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A Tale of Two Telescopes: Arecibo and Robert Byrd GBT

The Robert C. Byrd Green Bank Telescope (GBT) in Green Bank, West Virginia, has a lot in common with the telescope at Arecibo, Puerto Rico. Until recently, Arecibo had the world’s largest radio telescope. GBT is the world’s largest fully steerable radio telescope. Both telescopes have been used in history-making research on pulsars and for listening for possible signals from extraterrestrial sources. Both telescopes have had important educational roles, providing opportunities and inspiration for thousands of students and young scientists. And both collapsed and became unusable.

The GBT collapsed unexpectedly in November, 1988. Just days after the 32nd anniversary of that collapse, the telescope at Arecibo went down. Both were unusable and incapable of being repaired. George Seielstad, the director of GBT at that time, told, “There was no hope.”

The global scientific community and the community in Arecibo feel that way now.

Hope for GBT

There actually was hope for the Green Bank Telescope, in the form of two senators. Like every state, West Virginia has two representatives in the U.S. Senate. In 1988, the senators representing West Virginia were Robert Byrd (D-WV) and Jay Rockefeller (D-WV).

They saw the scientific importance of the telescope. They also saw the economic importance. Just as Arecibo’s economy centers around the observatory, Green Bank depended on its telescope. Like Arecibo, Green Bank got a boost from tourism and from the activity at the observatory.

West Virginia was one of the poorest states at the time, and infusions of cash from outside the state like those brought in by the telescope were very important. West Virginia had a 22% poverty rate, compared with a national poverty rate of 14%, and needed every revenue stream it could command. Yet the cost of replacing the telescope was far beyond the state’s budget.

“We were lucky,” Seielstad said in the interview. “We had two well-placed, powerful senators who sensed the loss to the state and I think to the nation.”

His colleague Paul Vanden Bout reflected on the position of Puerto Rico after the collapse of the Arecibo Telescope began. “Politically, they don’t have that much clout, and so it makes it difficult,” he told

Political clout

The National Science Foundation had no intention of rebuilding the telescope, but Senator Byrd wrote $75,000,000 for the rebuilding into the 1989 Emergency Supplemental Appropriations Bill.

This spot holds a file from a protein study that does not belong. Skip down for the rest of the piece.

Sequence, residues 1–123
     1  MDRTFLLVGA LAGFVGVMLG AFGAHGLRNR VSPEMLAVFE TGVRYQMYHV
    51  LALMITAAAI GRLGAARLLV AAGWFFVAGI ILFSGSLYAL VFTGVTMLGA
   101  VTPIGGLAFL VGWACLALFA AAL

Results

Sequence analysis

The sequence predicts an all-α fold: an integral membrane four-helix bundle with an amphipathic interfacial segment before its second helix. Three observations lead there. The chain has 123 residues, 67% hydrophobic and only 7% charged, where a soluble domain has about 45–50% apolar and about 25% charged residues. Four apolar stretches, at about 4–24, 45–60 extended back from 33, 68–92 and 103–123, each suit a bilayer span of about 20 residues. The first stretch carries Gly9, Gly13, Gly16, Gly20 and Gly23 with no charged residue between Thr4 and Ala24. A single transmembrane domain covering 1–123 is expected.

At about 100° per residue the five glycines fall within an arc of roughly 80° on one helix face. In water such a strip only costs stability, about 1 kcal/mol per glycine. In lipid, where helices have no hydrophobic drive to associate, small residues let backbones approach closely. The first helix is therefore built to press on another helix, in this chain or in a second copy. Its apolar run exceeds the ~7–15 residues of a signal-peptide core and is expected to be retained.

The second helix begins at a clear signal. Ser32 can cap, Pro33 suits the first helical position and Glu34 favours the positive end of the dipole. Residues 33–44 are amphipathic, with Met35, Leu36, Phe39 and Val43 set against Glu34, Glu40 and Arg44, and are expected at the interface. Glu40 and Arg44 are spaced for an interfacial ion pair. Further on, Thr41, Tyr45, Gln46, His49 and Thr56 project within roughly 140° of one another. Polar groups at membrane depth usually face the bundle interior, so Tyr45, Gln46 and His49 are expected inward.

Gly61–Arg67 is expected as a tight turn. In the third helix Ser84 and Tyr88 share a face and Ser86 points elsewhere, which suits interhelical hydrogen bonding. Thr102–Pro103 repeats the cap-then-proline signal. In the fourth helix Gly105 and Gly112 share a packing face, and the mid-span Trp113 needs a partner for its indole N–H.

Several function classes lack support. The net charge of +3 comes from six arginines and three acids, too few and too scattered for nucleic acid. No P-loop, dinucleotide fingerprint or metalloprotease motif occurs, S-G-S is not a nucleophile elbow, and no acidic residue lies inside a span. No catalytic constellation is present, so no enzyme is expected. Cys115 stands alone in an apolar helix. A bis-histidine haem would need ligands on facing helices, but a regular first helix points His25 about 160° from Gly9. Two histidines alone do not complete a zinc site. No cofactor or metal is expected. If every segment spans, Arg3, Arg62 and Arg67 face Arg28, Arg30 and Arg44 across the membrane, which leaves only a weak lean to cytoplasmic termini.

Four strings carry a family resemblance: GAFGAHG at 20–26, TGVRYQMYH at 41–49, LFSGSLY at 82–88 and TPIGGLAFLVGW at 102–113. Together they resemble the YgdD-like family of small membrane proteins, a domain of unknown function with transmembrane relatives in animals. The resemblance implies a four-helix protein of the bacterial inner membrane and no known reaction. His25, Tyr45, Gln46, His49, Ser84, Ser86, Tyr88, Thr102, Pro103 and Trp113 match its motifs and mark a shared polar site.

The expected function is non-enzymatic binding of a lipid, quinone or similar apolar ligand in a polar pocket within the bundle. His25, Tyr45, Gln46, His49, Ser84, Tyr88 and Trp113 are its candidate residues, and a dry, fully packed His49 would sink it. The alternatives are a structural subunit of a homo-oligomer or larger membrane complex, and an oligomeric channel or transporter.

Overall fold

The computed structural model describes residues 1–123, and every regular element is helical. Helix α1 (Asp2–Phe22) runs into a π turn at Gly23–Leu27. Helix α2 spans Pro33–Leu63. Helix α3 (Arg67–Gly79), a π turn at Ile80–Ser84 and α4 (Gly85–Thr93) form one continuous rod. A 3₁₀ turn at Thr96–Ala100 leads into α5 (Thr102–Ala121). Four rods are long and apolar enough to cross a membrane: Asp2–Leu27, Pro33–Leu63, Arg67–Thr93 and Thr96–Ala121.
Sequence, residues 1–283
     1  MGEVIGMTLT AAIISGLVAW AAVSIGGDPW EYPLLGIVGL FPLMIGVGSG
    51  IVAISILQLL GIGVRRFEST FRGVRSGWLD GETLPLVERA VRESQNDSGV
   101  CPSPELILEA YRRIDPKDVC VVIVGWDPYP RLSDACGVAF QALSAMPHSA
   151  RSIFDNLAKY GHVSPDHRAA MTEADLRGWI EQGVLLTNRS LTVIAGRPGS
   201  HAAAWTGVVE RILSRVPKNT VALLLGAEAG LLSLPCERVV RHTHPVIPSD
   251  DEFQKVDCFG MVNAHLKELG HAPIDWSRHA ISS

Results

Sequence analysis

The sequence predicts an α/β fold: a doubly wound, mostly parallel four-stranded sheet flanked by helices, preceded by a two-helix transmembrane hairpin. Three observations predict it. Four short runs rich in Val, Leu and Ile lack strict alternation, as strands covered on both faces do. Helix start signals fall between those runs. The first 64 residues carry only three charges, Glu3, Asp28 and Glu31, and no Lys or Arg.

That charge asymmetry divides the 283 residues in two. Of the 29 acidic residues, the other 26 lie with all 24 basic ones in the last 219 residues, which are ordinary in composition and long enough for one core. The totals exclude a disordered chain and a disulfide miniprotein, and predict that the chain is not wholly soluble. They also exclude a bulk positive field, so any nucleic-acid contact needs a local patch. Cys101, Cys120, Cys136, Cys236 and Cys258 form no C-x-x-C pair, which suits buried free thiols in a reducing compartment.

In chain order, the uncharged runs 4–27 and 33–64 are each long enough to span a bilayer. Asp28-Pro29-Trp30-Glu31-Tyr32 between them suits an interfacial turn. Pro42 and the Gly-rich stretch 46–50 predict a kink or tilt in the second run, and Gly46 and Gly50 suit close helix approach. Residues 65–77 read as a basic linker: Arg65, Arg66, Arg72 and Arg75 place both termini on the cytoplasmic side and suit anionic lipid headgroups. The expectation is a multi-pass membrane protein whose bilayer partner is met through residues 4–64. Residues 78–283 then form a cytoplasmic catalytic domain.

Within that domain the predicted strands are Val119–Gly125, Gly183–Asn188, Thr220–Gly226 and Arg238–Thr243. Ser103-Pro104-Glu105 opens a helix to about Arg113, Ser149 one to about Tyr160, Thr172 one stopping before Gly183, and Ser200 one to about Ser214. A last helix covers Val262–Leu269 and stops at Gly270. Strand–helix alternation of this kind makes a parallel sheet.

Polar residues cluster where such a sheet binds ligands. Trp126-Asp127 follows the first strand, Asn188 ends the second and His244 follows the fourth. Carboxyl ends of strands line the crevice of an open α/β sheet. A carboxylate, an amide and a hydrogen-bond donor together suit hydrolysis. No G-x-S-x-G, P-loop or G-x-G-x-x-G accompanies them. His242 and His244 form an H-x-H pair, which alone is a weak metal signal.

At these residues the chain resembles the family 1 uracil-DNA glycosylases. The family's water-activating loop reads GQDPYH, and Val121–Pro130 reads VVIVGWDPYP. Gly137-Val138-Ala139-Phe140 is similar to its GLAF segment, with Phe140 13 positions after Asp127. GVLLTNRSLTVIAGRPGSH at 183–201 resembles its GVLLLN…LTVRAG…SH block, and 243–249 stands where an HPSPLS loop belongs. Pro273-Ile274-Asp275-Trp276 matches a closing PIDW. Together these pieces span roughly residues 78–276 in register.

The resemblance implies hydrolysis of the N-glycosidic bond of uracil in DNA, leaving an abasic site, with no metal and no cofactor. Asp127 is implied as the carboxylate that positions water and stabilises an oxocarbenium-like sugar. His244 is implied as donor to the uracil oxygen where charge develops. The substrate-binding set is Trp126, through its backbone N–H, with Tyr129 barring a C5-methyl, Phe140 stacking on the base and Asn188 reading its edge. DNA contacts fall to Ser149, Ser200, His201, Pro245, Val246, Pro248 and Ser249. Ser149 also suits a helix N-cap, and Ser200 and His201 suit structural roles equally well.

Byrd was the Senate Majority Leader at the time. He was about to become the Chair of the Senate Appropriations Committee and ended up the longest-serving Member of Congress. His influence was enormous, and he was known for directing billions of dollars toward projects that helped West Virginia.

Time-lapse: Construction of the Robert C. Byrd Green Bank Telescope, Feb. 1993 – Jul. 2000 from NRAO Outreach on Vimeo.

In spite of great controversy and after giving up on adding the funding to the National Science Foundation’s budget, Byrd described the collapse of the telescope as a “calamity” and fitted the funding into the emergency appropriations bill.

Green Bank got a new telescope and has continued to do important work in astronomy and physics. The observatory contributes $29.76 million to the local economy each year.

The future of Arecibo

The telescope at Arecibo was built in a natural karst sinkhole which provided natural support for the telescope. This makes Arecibo an ideal — and relatively cost-effective — location for an enormous telescope dish.

The observatory is not being closed and the National Science Foundation says it is “very early” to discuss the possibility of a replacement telescope.

However, Puerto Rico is a territory of the United States, not a state. As a territory, Puerto Rico has no senators. Jenniffer Gonzalez-Colon, the Resident Commissioner, cannot vote in any congressional vote in which she would make a difference. Congress has the legal right under the constitution to treat territories differently from States, which must be treated equally. Puerto Rico has, in short, very little political clout.

Gonzalez-Colon is asking for a Congressional hearing on the observatory. In a letter  to the House Committee on Science, Space, and Technology, she wrote, “Considering the significance of this structure and the role it played on matters of national security, science, technology, engineering, and STEM education, I respectfully request a public hearing that will assist with acquiring a better understanding of the events leading to the collapse, efforts to clean the site, and next steps for the facility.”

The Resident Commissioner will have no help from any colleagues in the Senate, where Puerto Rico has no representation.

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